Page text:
By Isela Serrano
CANCUN, Mexico (Reuters) - Countries behind a treaty to regulate the international arms trade have agreed future decisions will be made by majority vote, avoiding the risk of veto, and picked Geneva as the seat of the body to police the accord, Mexico's government said on Wednesday.
Officials from 121 governments have been meeting in the Mexican resort of Cancun to agree details of how the Arms Trade Treaty (ATT) will oversee the multi-billion dollar industry.
Jorge Lomonaco, Mexico's ambassador to the United Nations in Geneva, said state parties to the ATT had agreed unanimously that if no absolute consensus could be agreed, votes to enable decisions would be passed by two-thirds majority.
On procedural matters, a simple majority would suffice, said Lomonaco, who is also his country's permanent representative to other international organizations in Geneva.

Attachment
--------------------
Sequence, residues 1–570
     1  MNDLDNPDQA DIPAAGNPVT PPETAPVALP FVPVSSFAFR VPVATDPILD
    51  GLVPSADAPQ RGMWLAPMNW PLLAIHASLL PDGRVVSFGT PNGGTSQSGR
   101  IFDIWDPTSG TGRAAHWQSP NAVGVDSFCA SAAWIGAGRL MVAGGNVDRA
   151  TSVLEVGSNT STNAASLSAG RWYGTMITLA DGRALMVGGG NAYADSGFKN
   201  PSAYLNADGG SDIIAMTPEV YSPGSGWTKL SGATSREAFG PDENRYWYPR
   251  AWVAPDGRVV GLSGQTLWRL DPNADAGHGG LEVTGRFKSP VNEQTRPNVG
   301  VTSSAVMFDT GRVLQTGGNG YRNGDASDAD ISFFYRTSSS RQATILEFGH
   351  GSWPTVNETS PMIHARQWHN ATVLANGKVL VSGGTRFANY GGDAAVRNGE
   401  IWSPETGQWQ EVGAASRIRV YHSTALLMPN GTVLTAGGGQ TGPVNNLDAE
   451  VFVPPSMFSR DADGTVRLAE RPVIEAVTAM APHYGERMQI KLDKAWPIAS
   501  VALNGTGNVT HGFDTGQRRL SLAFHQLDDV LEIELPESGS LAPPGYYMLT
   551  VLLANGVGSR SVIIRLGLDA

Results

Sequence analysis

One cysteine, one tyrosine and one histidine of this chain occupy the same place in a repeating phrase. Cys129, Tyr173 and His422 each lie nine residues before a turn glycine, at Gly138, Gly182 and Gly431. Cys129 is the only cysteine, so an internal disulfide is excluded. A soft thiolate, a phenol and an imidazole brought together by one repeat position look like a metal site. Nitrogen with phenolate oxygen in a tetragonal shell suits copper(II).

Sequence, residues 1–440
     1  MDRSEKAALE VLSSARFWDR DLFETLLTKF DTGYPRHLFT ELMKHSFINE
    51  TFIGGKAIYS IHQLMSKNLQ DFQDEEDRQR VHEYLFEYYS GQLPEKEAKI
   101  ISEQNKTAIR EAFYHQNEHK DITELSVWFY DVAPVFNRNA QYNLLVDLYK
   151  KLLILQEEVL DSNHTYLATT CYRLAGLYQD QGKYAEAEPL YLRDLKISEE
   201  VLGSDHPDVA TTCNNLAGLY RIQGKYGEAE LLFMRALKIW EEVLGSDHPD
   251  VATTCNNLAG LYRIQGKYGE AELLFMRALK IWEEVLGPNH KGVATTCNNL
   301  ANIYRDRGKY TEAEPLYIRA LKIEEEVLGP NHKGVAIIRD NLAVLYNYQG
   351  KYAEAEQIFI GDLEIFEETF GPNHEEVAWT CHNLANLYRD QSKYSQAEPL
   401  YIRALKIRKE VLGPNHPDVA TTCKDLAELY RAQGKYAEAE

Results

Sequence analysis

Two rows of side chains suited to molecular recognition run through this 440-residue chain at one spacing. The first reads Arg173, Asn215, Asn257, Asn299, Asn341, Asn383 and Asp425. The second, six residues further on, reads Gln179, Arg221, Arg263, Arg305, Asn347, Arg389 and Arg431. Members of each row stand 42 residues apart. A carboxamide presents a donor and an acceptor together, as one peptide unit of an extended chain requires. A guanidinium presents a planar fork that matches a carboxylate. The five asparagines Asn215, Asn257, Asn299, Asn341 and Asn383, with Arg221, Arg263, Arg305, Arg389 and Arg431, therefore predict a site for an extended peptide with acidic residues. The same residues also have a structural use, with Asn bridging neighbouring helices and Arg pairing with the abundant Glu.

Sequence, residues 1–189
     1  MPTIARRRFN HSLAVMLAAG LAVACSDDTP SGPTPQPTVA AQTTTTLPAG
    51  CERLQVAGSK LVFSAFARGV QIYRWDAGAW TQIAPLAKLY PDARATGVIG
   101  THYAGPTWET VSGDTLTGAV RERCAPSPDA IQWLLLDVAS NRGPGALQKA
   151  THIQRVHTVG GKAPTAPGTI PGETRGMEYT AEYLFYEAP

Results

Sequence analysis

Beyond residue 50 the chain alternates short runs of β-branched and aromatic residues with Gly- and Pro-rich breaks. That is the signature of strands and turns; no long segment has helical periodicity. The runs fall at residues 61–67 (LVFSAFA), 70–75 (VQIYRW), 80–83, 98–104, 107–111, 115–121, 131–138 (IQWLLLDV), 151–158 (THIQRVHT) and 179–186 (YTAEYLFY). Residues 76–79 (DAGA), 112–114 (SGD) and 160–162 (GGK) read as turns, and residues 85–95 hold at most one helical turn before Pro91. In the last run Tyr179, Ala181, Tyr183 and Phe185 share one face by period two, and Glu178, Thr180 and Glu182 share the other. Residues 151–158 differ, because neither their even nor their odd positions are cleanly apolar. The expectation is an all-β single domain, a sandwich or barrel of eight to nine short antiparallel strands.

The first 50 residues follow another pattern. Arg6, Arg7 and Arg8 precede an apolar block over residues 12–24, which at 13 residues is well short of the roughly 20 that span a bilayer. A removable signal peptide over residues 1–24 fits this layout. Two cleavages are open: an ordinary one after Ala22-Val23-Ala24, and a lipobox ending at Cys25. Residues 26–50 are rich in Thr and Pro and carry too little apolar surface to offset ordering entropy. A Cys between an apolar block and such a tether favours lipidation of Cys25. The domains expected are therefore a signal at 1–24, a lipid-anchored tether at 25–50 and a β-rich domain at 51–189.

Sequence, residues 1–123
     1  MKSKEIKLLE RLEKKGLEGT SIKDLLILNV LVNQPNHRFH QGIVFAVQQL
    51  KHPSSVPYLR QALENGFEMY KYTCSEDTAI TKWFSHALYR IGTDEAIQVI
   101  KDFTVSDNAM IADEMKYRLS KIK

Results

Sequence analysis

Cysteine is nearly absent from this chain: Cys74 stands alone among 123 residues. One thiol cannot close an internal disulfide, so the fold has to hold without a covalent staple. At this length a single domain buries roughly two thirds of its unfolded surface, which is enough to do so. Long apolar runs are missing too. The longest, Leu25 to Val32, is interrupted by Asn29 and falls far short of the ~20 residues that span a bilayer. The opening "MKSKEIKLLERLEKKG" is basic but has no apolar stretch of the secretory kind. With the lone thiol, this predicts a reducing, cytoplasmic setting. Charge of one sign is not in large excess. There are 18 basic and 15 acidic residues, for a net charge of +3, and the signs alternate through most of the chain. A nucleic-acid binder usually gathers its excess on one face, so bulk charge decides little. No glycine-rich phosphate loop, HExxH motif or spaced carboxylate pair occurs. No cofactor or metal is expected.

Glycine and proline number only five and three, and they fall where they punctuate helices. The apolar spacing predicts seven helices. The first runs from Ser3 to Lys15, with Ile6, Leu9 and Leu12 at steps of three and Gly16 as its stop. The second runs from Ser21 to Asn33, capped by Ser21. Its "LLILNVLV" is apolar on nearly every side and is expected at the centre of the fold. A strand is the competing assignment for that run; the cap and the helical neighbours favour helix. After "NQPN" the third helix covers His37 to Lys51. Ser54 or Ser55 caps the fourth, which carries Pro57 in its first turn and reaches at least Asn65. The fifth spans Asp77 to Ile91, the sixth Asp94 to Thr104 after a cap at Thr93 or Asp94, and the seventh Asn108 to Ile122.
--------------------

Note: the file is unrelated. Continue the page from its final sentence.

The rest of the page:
"This is really important because it guarantees that we can take decisions, that decisions aren't blocked," he said.
The participants had agreed that future meetings of the ATT would be open to civil society groups, Lomonaco added.
Anna Macdonald, director of Control Arms, a lobby group, welcomed the agreements reached, which also included how the secretariat of the ATT would be financed, saying that it recognized the role played by civic groups.
A major issue still pending is whether countries would agree on transparency rules for publishing arms sales, a complex point that arms control lobby groups say has met with resistance from some European exporters unwilling to provide full disclosure.
Lomonaco said it was possible there would not be an agreement for outright transparency at the Cancun meeting, which ends on Thursday. But if not, the door to a deal on full disclosure would still be open to future meetings, he added.
"We will achieve it - sooner or later," he said.
Mexico's Foreign Ministry said in a statement that Geneva had been chosen as the seat of the permanent secretariat for the ATT, which came into force in December 2014.
The United States is one of some 130 countries to sign the ATT, but it has not ratified the treaty so far. Only 72 countries have completed ratification.
(Editing by Dave Graham)